Thousands take to the streets across the globe in March For Our Lives gun control protests

Thousands of protesters have swarmed into the US capital and cities across the world to march for gun control and ignite political activism among the young.

Thousands take to the streets across the globe in March For Our Lives gun control protests

Update 4.26pm Thousands of protesters have swarmed into the US capital and cities across the world to march for gun control and ignite political activism among the young.

Organisers of the March For Our Lives rally in Washington hoped their protest would match in numbers and spirit last year's Women's March, one of the largest Washington protests since the Vietnam era and one that far exceeded predictions of 300,000 demonstrators.

Bearing signs reading "We Are the Change", "No More Silence" and "Keep NRA Money Out of Politics", protesters lined Pennsylvania Avenue from the stage near the Capitol, stretching back towards the White House.

The route also takes in the Trump International Hotel.

President Donald Trump was in Florida for the weekend; a motorcade took him to his West Palm Beach golf club on Saturday morning.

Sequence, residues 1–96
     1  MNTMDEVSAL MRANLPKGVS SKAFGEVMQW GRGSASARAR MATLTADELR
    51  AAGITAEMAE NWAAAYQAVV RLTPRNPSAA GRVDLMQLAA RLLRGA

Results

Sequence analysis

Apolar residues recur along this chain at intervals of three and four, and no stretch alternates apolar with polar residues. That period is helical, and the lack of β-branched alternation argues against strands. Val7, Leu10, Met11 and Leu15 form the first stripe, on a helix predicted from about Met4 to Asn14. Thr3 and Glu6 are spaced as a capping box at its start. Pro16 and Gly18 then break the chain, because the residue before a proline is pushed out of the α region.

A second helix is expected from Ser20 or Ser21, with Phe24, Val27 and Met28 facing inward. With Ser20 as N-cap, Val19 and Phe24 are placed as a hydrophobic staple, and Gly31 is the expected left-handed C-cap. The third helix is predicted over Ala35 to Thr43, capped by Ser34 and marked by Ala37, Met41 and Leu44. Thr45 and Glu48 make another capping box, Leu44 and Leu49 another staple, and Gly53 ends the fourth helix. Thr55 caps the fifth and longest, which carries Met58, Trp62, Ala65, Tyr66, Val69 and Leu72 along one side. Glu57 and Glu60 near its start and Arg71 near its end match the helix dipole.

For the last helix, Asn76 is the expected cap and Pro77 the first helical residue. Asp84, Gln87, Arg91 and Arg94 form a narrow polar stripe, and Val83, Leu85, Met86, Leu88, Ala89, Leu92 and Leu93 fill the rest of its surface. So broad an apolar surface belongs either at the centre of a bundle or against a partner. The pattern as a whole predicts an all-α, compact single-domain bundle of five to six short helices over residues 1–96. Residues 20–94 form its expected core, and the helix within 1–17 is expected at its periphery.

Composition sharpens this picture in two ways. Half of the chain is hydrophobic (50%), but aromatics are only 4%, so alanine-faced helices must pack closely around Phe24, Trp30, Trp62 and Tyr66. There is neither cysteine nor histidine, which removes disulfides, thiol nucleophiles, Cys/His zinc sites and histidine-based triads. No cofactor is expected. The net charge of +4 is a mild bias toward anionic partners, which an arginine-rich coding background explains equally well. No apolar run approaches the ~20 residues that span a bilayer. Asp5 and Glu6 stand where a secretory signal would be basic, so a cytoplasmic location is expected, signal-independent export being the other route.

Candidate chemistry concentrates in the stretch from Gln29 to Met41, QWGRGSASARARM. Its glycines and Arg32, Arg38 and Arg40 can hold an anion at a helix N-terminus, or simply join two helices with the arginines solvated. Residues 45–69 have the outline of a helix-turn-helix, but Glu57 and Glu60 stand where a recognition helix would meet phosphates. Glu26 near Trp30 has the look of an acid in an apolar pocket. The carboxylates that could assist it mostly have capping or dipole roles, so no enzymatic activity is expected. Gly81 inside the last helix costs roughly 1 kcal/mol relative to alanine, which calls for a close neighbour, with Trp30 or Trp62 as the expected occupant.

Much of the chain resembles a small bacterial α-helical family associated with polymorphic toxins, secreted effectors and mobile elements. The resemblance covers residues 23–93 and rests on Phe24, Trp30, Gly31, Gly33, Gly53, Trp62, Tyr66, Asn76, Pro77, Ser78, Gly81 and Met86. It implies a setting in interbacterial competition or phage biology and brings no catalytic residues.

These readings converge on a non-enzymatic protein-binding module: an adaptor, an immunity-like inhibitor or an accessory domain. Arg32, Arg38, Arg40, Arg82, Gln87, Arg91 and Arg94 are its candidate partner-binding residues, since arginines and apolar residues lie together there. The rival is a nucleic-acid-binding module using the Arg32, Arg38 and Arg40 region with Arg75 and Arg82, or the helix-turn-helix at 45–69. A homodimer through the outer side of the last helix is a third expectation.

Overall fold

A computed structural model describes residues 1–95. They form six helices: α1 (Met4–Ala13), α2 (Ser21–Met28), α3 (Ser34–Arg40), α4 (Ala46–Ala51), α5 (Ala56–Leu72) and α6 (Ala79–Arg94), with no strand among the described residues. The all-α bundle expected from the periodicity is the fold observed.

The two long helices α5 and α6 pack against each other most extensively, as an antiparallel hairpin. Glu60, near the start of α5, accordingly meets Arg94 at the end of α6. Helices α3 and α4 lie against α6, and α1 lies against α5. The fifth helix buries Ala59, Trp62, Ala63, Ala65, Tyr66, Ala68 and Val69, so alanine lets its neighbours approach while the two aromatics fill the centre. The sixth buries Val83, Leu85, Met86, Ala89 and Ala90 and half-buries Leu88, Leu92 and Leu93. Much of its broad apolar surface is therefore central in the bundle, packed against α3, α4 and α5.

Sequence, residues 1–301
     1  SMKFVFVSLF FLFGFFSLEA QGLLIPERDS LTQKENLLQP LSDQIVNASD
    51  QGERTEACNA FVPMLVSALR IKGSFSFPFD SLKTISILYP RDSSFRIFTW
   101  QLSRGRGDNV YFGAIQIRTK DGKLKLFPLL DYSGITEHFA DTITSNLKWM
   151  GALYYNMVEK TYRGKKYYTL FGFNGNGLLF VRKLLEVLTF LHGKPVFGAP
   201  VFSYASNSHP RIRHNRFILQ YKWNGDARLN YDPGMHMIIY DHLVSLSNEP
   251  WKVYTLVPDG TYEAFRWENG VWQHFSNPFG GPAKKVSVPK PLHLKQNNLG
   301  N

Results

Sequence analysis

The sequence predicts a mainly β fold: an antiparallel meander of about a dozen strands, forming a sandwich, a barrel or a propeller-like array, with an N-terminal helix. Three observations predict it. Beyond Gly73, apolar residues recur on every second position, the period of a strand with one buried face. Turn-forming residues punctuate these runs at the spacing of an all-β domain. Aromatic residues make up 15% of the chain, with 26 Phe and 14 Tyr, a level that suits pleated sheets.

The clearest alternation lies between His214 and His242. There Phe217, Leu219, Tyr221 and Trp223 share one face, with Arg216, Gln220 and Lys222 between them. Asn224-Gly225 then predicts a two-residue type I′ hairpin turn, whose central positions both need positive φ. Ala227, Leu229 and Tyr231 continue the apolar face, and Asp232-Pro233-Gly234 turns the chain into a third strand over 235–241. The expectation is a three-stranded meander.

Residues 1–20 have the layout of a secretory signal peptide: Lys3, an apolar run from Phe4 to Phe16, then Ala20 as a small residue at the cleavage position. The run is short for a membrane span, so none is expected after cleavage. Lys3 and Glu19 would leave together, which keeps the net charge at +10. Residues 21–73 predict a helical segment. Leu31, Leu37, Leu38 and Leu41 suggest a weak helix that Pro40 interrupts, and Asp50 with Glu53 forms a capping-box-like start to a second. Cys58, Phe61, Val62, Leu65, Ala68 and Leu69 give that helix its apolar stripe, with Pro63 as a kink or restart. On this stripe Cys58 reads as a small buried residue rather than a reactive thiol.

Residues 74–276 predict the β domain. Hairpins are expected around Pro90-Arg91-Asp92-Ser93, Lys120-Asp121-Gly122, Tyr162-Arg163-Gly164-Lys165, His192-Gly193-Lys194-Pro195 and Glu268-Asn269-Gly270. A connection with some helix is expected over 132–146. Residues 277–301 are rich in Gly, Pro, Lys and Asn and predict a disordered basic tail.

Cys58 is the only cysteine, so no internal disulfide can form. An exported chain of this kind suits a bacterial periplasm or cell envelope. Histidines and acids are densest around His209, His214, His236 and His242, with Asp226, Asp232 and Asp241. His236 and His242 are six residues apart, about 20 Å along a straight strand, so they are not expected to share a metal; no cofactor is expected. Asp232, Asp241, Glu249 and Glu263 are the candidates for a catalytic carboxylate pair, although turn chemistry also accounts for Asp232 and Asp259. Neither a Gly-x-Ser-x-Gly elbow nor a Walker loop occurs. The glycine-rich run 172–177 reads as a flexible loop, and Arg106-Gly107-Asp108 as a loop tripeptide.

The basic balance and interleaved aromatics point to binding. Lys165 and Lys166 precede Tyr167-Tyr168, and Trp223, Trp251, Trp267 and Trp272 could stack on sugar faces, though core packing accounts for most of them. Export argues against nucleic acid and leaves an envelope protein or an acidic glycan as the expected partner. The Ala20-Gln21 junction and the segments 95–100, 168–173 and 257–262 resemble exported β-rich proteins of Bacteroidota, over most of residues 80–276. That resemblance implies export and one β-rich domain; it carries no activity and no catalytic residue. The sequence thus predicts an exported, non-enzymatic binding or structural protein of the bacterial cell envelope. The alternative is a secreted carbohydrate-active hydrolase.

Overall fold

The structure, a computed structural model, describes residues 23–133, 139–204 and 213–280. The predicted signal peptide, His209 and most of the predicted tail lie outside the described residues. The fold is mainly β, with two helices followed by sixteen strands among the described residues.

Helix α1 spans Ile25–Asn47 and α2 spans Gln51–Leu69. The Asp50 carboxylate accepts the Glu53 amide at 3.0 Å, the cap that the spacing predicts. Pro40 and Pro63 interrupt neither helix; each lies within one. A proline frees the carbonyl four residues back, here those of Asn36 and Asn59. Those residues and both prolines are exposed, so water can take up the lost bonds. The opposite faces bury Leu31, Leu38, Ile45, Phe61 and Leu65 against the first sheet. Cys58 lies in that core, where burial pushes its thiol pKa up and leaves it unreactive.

After the February 14 mass shooting at Marjory Stoneman Douglas High School in Parkland, Florida, students have tapped into a current of pro-gun control sentiment that has been building for years - yet still faces a powerful counterpoint from supporters of gun rights.

Organisers hope the passions of the crowds and the under-18 roster of speakers will translate into a tipping point starting in the midterm elections this year.

People also flocked to a March For Our Lives event near the Parkland school where the massacre happened. Police presence was heavy as organisers set up and demonstrators streamed in.

Eden Kinlock, 17, came from 20 miles away to pass out water, "a small thing but it helps in the bigger picture." Many Parkland students came to the Washington rally.